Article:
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Monday, December 17, 2018

University vs Apprenticeship: The education debate | -TechTarget

Cath Everett, journalist and editor reports, Traditionally, a degree is the preferred route into the technology industry, but many now believe an apprenticeship may be a more valuable path into the sector.

Photo: -TechTarget
Dissent appears to have been growing lately over whether getting a university education really is the best way to find a dream job in tech – or anywhere else, for that matter. For example, a study by the Chartered Institute of Personnel and Development revealed at the end of last year that a mere 52% of former students had found a graduate-level post within six months of leaving university.

A key problem in the tech sector in this regard, says Alan Furley, director of specialist tech and engineering recruitment consultancy ISL, is that universities tend to teach “hard skills that aren’t always contemporary or adaptable into a career, while at the same time the cost of a degree plus lost earning opportunities is ever growing”.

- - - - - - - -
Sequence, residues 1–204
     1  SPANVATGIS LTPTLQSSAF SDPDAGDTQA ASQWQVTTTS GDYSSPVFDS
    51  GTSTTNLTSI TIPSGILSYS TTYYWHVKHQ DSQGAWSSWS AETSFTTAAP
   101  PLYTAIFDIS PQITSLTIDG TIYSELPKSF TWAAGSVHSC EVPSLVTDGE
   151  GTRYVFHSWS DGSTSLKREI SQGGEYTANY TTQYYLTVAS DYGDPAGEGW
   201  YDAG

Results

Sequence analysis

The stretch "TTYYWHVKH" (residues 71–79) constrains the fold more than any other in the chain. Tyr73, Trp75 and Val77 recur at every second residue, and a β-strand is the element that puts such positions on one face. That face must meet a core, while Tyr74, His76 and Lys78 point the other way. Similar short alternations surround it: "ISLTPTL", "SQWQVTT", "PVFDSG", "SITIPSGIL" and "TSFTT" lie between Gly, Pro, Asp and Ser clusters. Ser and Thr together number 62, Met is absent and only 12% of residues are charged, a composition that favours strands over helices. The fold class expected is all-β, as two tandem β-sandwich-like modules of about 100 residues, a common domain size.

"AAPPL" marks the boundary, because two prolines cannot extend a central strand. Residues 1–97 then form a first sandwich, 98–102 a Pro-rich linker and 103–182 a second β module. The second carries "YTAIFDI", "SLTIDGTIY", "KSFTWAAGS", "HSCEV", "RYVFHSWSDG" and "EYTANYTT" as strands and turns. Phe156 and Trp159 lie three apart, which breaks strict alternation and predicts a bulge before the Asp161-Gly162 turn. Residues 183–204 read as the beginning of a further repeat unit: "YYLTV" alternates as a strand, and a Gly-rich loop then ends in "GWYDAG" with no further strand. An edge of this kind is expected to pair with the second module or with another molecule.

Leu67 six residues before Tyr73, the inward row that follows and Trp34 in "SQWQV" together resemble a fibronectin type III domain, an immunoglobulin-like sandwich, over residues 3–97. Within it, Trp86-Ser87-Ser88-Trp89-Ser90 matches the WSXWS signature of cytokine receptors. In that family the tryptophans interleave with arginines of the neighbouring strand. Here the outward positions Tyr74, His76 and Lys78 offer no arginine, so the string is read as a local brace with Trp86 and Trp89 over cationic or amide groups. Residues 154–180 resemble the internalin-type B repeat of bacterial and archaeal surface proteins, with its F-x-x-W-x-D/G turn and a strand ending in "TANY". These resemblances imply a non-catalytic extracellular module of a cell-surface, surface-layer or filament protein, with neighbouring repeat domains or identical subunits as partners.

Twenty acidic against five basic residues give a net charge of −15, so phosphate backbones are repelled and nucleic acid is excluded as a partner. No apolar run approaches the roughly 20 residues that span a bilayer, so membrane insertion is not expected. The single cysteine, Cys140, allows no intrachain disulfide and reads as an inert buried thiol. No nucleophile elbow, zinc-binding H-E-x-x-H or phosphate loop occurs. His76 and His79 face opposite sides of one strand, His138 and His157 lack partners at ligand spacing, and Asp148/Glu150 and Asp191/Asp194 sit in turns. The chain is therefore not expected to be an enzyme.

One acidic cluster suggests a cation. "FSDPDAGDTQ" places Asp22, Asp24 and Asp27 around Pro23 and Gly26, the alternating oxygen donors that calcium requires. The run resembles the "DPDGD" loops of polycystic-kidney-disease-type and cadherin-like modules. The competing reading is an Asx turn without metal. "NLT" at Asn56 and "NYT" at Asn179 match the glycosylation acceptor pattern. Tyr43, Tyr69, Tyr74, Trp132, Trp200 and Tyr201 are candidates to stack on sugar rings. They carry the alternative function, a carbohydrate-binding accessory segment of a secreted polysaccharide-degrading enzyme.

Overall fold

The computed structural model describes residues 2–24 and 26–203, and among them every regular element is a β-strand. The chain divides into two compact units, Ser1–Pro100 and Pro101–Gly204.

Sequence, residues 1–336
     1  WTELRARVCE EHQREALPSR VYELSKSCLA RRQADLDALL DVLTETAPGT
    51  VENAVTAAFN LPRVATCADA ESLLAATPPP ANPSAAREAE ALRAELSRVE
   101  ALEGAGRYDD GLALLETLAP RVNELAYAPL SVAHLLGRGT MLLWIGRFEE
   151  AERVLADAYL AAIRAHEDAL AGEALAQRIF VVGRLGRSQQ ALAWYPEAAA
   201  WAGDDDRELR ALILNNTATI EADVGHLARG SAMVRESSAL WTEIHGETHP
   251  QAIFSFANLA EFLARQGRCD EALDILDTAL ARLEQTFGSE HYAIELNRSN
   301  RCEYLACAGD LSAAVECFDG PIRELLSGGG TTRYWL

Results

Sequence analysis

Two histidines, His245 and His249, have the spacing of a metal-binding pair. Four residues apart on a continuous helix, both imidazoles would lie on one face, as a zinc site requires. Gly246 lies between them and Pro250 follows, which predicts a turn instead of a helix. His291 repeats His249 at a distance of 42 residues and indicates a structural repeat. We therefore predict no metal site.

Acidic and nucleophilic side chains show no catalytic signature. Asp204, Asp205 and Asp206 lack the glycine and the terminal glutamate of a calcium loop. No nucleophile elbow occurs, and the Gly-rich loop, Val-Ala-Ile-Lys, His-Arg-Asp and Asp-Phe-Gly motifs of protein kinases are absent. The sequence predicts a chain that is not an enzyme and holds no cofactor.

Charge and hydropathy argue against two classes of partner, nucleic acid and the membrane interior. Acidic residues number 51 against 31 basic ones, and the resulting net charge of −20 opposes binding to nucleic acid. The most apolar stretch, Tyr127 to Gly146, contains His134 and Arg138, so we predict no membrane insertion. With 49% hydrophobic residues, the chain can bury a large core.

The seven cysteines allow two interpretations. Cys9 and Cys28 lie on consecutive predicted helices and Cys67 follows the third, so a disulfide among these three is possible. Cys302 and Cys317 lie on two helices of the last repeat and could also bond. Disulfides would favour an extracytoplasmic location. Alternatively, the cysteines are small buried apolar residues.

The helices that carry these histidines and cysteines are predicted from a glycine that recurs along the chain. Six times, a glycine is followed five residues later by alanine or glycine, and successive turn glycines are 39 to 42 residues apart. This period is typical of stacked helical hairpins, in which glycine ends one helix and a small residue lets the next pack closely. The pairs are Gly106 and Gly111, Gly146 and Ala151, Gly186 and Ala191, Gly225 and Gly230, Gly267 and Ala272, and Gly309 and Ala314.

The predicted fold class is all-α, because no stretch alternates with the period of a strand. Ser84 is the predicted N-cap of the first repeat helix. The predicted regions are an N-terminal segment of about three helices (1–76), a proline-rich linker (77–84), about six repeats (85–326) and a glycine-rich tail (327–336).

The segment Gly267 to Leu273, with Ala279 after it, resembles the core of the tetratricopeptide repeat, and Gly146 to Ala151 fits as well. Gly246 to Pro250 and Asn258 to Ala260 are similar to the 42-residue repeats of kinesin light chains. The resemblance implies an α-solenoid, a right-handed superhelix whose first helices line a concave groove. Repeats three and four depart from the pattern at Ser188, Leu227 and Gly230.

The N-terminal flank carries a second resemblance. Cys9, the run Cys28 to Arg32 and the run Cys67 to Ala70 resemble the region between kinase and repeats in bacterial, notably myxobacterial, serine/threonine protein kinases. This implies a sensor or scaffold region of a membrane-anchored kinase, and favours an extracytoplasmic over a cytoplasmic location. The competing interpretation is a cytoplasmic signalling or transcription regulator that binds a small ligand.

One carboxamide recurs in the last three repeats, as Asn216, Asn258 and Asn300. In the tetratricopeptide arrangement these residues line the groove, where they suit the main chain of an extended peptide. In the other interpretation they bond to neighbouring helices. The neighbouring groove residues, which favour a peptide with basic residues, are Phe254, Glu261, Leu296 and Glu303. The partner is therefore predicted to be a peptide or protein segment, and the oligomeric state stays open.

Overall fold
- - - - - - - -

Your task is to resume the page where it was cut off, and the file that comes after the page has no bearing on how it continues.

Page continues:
According to a study by the Institute of Fiscal Studies, for instance, nearly a third of recent graduates are currently earning less than £20,000 per year, despite having incurred an average debt burden of £50,000 – a sum that many are likely to spend much of their life paying off.

But apprenticeships, which successive governments have been pushing as an important alternative for some time, have faced their own issues too. First, they still appear to come with a stigma attached – if they register in potential candidates’ consciousness at all.
Second, there have been issues around quality in some quarters. Despite the high levels of noise around alternative routes into employment, which include apprenticeships as well as internships and returnships, employers have had mixed experiences, says Furley.
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Source: -TechTarget